Abstract 3641


Peripheral T-cell lymphoma (PTCL) is a heterogeneous group of lymphoproliferative disorders, and most subtypes have a poor prognosis even with aggressive chemotherapy. Romidepsin is a potent class 1 histone deacetylase inhibitor approved by the US Food and Drug Administration for treatment of patients with PTCL who have received at least 1 prior therapy and patients with cutaneous T-cell lymphoma who have received at least 1 prior systemic therapy. A phase 2, single-arm, open-label registration study (GPI-06–0002) demonstrated the clinical benefit and tolerability of romidepsin in patients with relapsed or refractory PTCL (data cutoff: Oct 2010). Here, we present an update of the efficacy of GPI-06–0002 and characterize patients who achieved long-term responses (≥ 12 months) as of Dec 2011 (median follow-up: 22.3 months).


Patients with histologically confirmed PTCL (N = 130) who failed or were refractory to ≥ 1 prior systemic therapy received romidepsin 14 mg/m2 as a 4-hour intravenous infusion on days 1, 8, and 15 every 28 days for up to 6 cycles; treatment could be extended for responding patients. The primary endpoint was confirmed/unconfirmed complete response (CR/CRu) determined by an independent review committee (IRC) based on the International Workshop Response Criteria. Secondary endpoints included objective response rate (ORR: CR/CRu + partial response), duration of response (DOR), and time to progression. Disease response was assessed every 2 treatment cycles. Baseline patient characteristics by DOR (≥ 12 months vs < 12 months) were examined.


The majority of the 130 patients had stage III or IV disease (70%); 28% had bone marrow involvement. PTCL not otherwise specified (53%) and angioimmunoblastic T-cell lymphoma (21%) were the most common subtypes. Patients received a median of 2 prior systemic therapies (range, 1–8); 38% of patients were refractory to their last line of therapy. The ORR was 25% (33 of 130 patients), including CR/CRu in 15% (19 of 130) of patients. The median duration of objective response was 28 months, with the longest response ongoing at 48 months (Figure). Of the 19 patients who achieved CR/CRu, 13 (68%) had not experienced disease progression per the IRC at a median follow-up of 25.8 months. The median duration of CR had not yet been reached (range, 1–48+ months; Figure). Of the 19 patients who achieved CR/CRu, 10 were long-term responders (responses ≥ 12 months). Interestingly, heavy pretreatment (≥ 4 prior systemic therapies) did not preclude patients from achieving long-term CR/CRu: 5 of 10 patients (50%) who maintained CR/CRu for ≥ 12 months were heavily pretreated vs 1 of 9 (11%) patients with CR/CRu maintained for < 12 months. Long-term CR/CRu was achieved regardless of response to last prior therapy; only 2 of 10 (20%) long-term responders had an objective response on their last treatment. In contrast, 6 of 9 (67%) patients with CR/CRu for < 12 months responded to their last prior therapy. Furthermore, advanced disease did not preclude long-term response to romidepsin: all 10 patients (100%) who maintained CR/CRu for ≥ 12 months had stage III/IV disease vs 55.5% of those who maintained CR/CRu for < 12 months. Other characteristics, such as Eastern Cooperative Oncology Group performance status, International Prognostic Index score, age, sex, and race, were similar among patients achieving CR/CRu for ≥ 12 months or < 12 months.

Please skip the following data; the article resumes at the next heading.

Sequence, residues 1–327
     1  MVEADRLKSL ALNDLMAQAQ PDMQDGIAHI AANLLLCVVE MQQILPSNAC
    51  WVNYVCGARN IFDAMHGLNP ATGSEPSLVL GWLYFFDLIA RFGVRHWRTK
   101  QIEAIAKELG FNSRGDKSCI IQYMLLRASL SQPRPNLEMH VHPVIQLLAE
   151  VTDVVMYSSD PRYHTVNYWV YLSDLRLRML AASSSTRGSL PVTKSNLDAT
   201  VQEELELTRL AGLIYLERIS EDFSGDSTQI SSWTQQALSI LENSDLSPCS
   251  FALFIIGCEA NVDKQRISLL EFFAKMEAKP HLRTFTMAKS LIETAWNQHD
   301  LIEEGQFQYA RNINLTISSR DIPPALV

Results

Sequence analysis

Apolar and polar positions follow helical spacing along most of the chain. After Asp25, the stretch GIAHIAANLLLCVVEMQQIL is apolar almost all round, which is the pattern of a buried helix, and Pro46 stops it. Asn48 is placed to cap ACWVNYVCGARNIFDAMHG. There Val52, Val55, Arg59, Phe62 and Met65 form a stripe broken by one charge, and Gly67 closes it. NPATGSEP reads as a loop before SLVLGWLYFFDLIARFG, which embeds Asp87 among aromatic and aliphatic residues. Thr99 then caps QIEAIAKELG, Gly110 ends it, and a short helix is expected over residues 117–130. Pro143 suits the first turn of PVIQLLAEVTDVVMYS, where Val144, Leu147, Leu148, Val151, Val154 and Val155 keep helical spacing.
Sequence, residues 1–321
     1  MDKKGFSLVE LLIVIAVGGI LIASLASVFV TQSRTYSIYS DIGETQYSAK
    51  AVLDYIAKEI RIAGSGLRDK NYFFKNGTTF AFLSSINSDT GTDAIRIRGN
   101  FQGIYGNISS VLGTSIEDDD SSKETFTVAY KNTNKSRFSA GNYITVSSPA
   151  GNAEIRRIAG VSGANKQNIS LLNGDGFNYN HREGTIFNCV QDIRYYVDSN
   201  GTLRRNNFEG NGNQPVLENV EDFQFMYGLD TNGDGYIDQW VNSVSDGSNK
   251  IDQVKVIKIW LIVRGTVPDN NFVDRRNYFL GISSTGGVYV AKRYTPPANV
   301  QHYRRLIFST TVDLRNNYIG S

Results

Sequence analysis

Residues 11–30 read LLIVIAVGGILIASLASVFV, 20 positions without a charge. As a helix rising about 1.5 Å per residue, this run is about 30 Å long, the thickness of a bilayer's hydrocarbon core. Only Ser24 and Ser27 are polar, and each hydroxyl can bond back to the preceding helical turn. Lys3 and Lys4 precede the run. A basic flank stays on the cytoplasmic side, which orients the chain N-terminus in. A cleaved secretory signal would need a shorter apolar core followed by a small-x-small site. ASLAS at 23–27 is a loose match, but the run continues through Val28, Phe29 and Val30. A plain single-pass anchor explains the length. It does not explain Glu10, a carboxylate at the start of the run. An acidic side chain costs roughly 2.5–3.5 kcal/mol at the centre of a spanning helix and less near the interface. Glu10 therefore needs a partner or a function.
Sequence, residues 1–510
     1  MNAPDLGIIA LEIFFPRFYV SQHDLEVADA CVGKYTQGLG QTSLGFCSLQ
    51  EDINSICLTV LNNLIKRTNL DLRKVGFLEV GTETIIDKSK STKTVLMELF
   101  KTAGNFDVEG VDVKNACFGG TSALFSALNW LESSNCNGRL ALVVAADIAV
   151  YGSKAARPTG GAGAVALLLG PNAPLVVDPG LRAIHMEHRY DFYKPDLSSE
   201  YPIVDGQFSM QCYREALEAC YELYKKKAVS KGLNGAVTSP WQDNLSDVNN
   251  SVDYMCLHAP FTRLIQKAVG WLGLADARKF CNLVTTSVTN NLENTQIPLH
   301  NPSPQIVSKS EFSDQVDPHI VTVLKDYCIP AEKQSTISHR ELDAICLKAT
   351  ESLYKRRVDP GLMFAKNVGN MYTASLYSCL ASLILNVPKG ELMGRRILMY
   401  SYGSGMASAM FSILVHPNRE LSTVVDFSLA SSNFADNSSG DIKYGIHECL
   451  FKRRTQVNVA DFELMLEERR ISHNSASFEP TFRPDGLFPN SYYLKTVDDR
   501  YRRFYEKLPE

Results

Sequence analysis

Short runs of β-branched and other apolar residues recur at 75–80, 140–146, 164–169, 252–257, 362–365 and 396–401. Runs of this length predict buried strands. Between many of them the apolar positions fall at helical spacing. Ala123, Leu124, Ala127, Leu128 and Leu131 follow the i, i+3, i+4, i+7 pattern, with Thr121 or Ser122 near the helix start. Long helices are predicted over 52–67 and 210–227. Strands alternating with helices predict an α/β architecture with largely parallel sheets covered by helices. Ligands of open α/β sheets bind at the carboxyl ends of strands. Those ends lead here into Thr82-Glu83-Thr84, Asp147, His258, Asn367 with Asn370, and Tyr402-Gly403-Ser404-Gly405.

Single-agent romidepsin induced durable responses in patients with relapsed/refractory PTCL, with responses ongoing at 48 months. None of the examined patient and disease characteristics predicted failure to achieve long-term remissions. These results support the use of romidepsin in relapsed/refractory PTCL.


Kaplan-Meier Plot of Duration of Objective Response and Complete Response


Kaplan-Meier Plot of Duration of Objective Response and Complete Response


Coiffier:Celgene: Consultancy, Honoraria, Membership on an entity's Board of Directors or advisory committees, Speakers Bureau. Pro:Allos: Honoraria; Spectrum : Honoraria; Seattle Genetics : Research Funding; Celgene: Honoraria, Research Funding. Prince:Celgene : Consultancy, Honoraria, Research Funding. Foss:Celgene : Consultancy. Sokol:Celgene : Honoraria, Speakers Bureau. Morschhauser:Celgene : Consultancy, Honoraria. Pinter-Brown:Celgene : Consultancy; Allos : Consultancy. Shustov:Celgene : Honoraria, Research Funding, Speakers Bureau. Nielsen:Celgene: Employment, Equity Ownership. Nichols:Celgene: Consultancy, Employment, Equity Ownership. Horwitz:Celgene: Consultancy, Research Funding; Kyowa Hakko Kirin Pharma: Consultancy; Bristol-Myers Squibb: Consultancy; Allos: Consultancy, Research Funding; Genzyme: Consultancy; Johnson & Johnson: Consultancy; Infinity Pharmaceuticals: Research Funding; Seattle Genetics: Consultancy, Research Funding.

Author notes


Asterisk with author names denotes non-ASH members.